Archive for the 'Email' Category

Email: Quality is more important than ever before

The average businessperson receives 200 emails per day. He spends  30-40% of his working time just managing that email torrent.  Do you think he needs yet another one of your impersonal emails? It’s little wonder harried people today click ‘Spam’ on perfectly legitimate messages.

Business is increasingly about trust and building relationships. The top email marketing tactic is sending custom content to a targeted group, according to a MarketingSherpa survey (below). Impersonal email blasts rank at the bottom of the list.

What about the email that you send to your business customers and prospects? Email marketing services like iContact and Constant Contact can be useful.  But sending out blasts of hundreds or thousands of emails is increasingly ineffective.

Large businesses have the manpower and budget to customize CRM systems like salesforce.com. Small businesses and consultants don’t.  Check out tools like WeMeUs Contact Management and Lead Generation.  They enable highly personalized emails for messages that have impact … and actually get read.

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You can’t trust nobody

An eMarketer article’s title takes the high road in Room for Improvement in E-Mail Opt-Outs when it should have shamed marketers. Email lists that required 3 or more clicks to unsubscribe zoomed from 7% to 39%.  Single click opt-out lists shrunk from 9% to 3%.

It’s no wonder why businesses can’t be trusted. Industry self-regulation virtually never works.  Spam was so bad the US had to pass the federal CAN SPAM law.

And now companies are back to their old tricks, making it harder to cancel.  That’s a prime reason (from the article) “22% of US Internet users consider messages they once requested but no longer want to be spam.”

Breaking up should not be hard to do. What part of “leave me alone” don’t businesses get?

Group services: Would you like registration with that?

Leading email marketing service Constant Contact announced they’re adding event registration services.  The only surprise is that it’s taken so long.  How many fancy email templates do you have to add before you wonder if there is a better way to leverage your technology, service, and customer base?

There is a natural convergence of group services, people databases, and social networks.  Despite the common tech platform, the rise of converged services has been slow to innovate, save the tidal wave of Facebook and iPhone apps.

Egroups (now Yahoo Groups) set the bar almost 15 years ago for integrated group services.  Yet some of the services there still haven’t made it to email marketing, which has been mostly stagnant the past several years.  While email marketers have added surveys, blogs, and RSS feeds, key group services continue to be weak, including contact management, group management, and CRM.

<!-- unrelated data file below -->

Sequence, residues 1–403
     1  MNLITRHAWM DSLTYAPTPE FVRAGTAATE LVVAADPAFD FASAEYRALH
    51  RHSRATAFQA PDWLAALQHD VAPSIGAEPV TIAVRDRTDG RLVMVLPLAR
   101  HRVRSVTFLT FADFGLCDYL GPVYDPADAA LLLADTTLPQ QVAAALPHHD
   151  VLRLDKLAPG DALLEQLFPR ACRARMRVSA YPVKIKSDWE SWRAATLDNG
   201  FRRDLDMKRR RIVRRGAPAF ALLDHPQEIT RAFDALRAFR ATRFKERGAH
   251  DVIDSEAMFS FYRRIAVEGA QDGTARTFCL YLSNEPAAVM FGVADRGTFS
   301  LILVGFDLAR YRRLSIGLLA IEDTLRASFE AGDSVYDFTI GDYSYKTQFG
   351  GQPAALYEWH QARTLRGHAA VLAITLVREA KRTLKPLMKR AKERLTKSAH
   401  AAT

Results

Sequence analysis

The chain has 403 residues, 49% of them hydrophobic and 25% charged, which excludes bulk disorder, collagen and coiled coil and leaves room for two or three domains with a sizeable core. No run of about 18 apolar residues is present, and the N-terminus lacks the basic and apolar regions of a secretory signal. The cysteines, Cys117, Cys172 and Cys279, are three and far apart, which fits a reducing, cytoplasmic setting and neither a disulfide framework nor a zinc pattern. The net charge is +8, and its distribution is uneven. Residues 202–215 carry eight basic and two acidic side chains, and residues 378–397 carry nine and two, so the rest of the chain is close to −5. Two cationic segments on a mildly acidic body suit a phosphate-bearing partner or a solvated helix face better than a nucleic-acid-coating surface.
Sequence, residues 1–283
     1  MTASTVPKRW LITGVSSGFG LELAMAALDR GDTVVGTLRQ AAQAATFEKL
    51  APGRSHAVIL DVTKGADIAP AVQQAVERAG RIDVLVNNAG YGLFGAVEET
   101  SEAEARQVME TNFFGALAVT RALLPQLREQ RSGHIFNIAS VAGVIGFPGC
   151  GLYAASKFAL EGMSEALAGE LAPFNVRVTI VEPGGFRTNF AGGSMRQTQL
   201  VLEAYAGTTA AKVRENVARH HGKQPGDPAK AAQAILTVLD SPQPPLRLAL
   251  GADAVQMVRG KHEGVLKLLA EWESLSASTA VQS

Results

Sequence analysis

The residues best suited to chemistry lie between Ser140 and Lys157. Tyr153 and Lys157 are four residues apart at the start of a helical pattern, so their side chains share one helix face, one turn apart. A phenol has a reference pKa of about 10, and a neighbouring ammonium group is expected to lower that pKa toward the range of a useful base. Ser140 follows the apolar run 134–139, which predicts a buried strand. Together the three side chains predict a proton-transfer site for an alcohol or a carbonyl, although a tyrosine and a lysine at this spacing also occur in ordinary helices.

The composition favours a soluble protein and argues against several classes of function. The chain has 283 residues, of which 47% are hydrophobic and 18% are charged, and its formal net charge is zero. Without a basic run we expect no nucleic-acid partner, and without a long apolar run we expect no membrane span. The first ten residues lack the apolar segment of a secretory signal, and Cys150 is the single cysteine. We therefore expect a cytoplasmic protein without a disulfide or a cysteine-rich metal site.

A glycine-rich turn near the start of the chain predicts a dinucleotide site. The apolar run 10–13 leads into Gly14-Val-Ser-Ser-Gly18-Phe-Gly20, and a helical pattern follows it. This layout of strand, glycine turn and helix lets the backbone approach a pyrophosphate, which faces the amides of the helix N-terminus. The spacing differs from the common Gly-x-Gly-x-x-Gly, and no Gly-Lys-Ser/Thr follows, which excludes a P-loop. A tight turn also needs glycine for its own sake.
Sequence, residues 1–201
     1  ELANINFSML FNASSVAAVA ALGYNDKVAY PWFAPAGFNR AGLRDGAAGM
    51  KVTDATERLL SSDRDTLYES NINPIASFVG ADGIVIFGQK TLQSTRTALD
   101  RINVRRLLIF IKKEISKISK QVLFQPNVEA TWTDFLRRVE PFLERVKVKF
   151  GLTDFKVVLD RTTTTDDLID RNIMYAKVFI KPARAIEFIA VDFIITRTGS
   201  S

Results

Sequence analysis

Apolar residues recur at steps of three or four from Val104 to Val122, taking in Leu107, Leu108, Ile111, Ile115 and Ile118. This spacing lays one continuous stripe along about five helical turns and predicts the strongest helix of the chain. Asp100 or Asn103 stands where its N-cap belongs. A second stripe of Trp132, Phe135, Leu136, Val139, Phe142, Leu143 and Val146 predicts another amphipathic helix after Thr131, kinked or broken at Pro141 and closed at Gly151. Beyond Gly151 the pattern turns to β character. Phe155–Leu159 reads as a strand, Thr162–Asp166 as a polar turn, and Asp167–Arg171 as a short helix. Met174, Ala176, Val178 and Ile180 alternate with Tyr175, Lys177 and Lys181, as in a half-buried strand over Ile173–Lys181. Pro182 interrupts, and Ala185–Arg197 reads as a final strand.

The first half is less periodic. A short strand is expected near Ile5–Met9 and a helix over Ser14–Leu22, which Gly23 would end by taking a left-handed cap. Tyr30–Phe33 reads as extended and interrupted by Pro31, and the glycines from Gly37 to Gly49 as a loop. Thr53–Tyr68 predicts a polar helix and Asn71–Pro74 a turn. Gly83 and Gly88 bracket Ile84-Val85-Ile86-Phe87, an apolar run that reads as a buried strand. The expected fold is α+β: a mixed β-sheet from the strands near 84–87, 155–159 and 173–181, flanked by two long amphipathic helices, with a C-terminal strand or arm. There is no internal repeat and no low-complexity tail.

As a group owner and event organizer, I welcome this integration.  It streamlines my backoffice and operations.

Now if my current email provider (iContact) would just hop on this bandwagon …

Marc

What happens after you send that email?

Metrics are the game for marketers.  We’re supposed to know know exactly what happens where.  We say that  100,000 emails are sent out. And that 10,000 people clicked through, resulting in 1,000 sales.  But what happens in-between is a blackhole.

This is important for multiple reasons

  • People are not homogeneous.  The better we understand users and their actions, the better we can segment them and target message recipients and content.
  • We sell branding as a key benefit of email campaigns.  So we need know not just who buys, but who views our message and how.

A survey by Iconix provides some data on how people actually use email. In general this is similar to social networks. (Indeed email was the first medium for networking.)  The asymptotic curve starts with a few heavy users who have hundreds or thousands of daily emails or network connections, which is more than balanced by an exponentially larger number of light users with a few daily emails or a small, tight network.

Among their findings:

  • Users receive an average of 25 emails a day. 27% are personal. … That’s not a lot of email.  If you have a broad consumer market, this is good news that your emails are likely not getting buried in most recipient mailboxes. Getting them read is another matter.
  • Just 6 percent of users read messages BOTH in preview and fully open views.  … So brevity is still important.  Make sure you identify yourself and your key message at the top of your email.
  • 75% (depending on the email client) of images are viewed. … The article calls that surprisingly high.  However it makes sense in light of the broad usage I suggest above.  Light email users will have  A. a higher percentage of personal messages that come from people in their address book and B. fewer messages and so more time to mark other senders as authorized.  This is supported by Gmail.  Their more business and tech-oriented  user base leads to users with more messages and the lowest image viewing rate among major ISPs.

Email for relationship marketing

I wrote the following for WeMeUs, with whom I consult. Let me know if you run across other tools that do a good job in this area also.

Are you using the right email marketing tool?

Group email companies like Constant Contact and iContact have popularized email marketing. The technology is helpful with automated email management and opt-in and out processing.  But is it working for you?

Review the following checklist.

  • Are your email recipients primarily anonymous … or people who personally know you?
  • Are your group mailings typically to  hundreds or thousands of subscribers … or fewer?
  • Are your messages the same from person to person with the name changing… or highly personalized?
  • Are your mailing groups fixed and general … or ad hoc and topic-based?